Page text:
Markets Decide They Don't Like European Deal After All

Discussion in 'Wall St. News' started by S2007S, Dec 12, 2011.

  1. S2007S


    You just have to love whats going on, everyday another headline is moving the market, you just have to sit back and laugh....who would want to put any money into this market, meaning what long term investor would want to place money into a market that moves up and down 100-200 points this point people are realizing or have realized there is no such thing as investing anymore...with 70%+ of all trades being HFT whats the point of even investing. Way TOO much volatility for anyone who is close to retirement to handle.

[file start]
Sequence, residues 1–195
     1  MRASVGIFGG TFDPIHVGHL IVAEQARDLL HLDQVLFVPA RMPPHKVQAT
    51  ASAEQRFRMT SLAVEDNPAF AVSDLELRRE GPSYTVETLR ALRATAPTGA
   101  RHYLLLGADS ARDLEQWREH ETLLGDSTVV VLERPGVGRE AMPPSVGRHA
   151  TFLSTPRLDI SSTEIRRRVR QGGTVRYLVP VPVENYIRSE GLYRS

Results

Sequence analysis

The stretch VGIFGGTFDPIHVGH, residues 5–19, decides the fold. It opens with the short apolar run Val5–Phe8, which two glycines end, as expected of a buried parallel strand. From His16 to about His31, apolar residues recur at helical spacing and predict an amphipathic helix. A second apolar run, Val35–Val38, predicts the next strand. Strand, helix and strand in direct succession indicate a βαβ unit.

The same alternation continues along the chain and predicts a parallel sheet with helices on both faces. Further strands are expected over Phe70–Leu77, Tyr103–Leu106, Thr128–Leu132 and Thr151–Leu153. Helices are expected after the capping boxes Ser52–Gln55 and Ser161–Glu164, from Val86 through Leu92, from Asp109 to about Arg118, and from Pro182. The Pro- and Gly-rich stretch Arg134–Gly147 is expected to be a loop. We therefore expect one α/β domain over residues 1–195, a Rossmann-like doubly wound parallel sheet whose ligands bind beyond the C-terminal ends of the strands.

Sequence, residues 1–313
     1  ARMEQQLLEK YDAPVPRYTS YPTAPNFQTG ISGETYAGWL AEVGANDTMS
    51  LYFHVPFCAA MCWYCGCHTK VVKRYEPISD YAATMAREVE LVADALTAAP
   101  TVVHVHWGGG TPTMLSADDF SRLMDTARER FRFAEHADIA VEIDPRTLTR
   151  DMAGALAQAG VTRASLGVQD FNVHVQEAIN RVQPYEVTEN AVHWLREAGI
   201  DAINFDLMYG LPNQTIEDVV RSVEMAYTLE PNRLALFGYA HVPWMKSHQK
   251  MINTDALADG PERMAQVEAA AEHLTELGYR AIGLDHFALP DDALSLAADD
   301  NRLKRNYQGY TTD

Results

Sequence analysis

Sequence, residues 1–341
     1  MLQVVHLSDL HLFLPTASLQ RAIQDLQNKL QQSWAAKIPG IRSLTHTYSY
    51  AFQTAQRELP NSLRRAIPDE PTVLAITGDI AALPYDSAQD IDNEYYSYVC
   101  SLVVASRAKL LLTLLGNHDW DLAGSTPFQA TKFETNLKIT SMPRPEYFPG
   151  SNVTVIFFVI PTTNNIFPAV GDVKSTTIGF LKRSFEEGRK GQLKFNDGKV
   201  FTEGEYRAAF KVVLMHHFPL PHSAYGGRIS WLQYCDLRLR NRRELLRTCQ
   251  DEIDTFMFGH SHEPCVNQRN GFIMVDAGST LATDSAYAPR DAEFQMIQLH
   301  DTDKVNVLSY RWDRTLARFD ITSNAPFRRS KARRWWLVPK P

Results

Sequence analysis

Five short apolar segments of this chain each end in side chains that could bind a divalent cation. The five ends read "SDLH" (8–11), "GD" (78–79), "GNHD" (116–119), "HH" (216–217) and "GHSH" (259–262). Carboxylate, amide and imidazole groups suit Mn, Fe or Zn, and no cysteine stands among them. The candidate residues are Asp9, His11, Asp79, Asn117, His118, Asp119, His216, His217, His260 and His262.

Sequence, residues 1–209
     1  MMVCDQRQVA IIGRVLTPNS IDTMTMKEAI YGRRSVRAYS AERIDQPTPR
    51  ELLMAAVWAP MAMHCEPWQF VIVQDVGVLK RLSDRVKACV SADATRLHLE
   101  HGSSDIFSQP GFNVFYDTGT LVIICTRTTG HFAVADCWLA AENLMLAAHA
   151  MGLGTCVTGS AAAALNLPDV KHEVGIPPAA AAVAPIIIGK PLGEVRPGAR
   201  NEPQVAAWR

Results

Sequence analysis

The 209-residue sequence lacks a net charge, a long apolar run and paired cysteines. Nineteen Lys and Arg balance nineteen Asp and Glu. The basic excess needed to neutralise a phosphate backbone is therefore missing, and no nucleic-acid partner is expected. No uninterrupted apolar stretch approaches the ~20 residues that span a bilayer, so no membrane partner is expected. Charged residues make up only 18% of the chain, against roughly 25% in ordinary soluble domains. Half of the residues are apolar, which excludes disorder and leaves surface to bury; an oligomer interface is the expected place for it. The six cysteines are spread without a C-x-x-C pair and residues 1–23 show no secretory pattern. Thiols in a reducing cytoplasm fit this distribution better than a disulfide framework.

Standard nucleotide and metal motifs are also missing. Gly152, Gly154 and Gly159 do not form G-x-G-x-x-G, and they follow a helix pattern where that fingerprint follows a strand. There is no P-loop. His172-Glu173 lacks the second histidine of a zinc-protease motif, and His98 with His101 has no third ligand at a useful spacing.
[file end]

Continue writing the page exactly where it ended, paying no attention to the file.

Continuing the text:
So I guess tomorrow the markets will be up 200+ points on news Europe has contained the crisis for good.

    Markets Decide They Don't Like European Deal After All
    Reuters | December 12, 2011 | 11:59 AM EST

    After rallying on Friday, markets in the US and Europe tumbled Monday as investors judged that last week's pact to bind EU economies closer together would fail to quell its financial crisis.

    Markets are chiefly concerned by a perceived failure of leaders to break the deadlock over more decisive involvement of the European Central Bank , which many analysts say is the only way to put an end to the crisis.

    They also worry that Friday's deal shows Europe's only answer to the crisis is scything budget cuts which will result in years of poor growth and potentially derail the overall effort to put public finances back on track.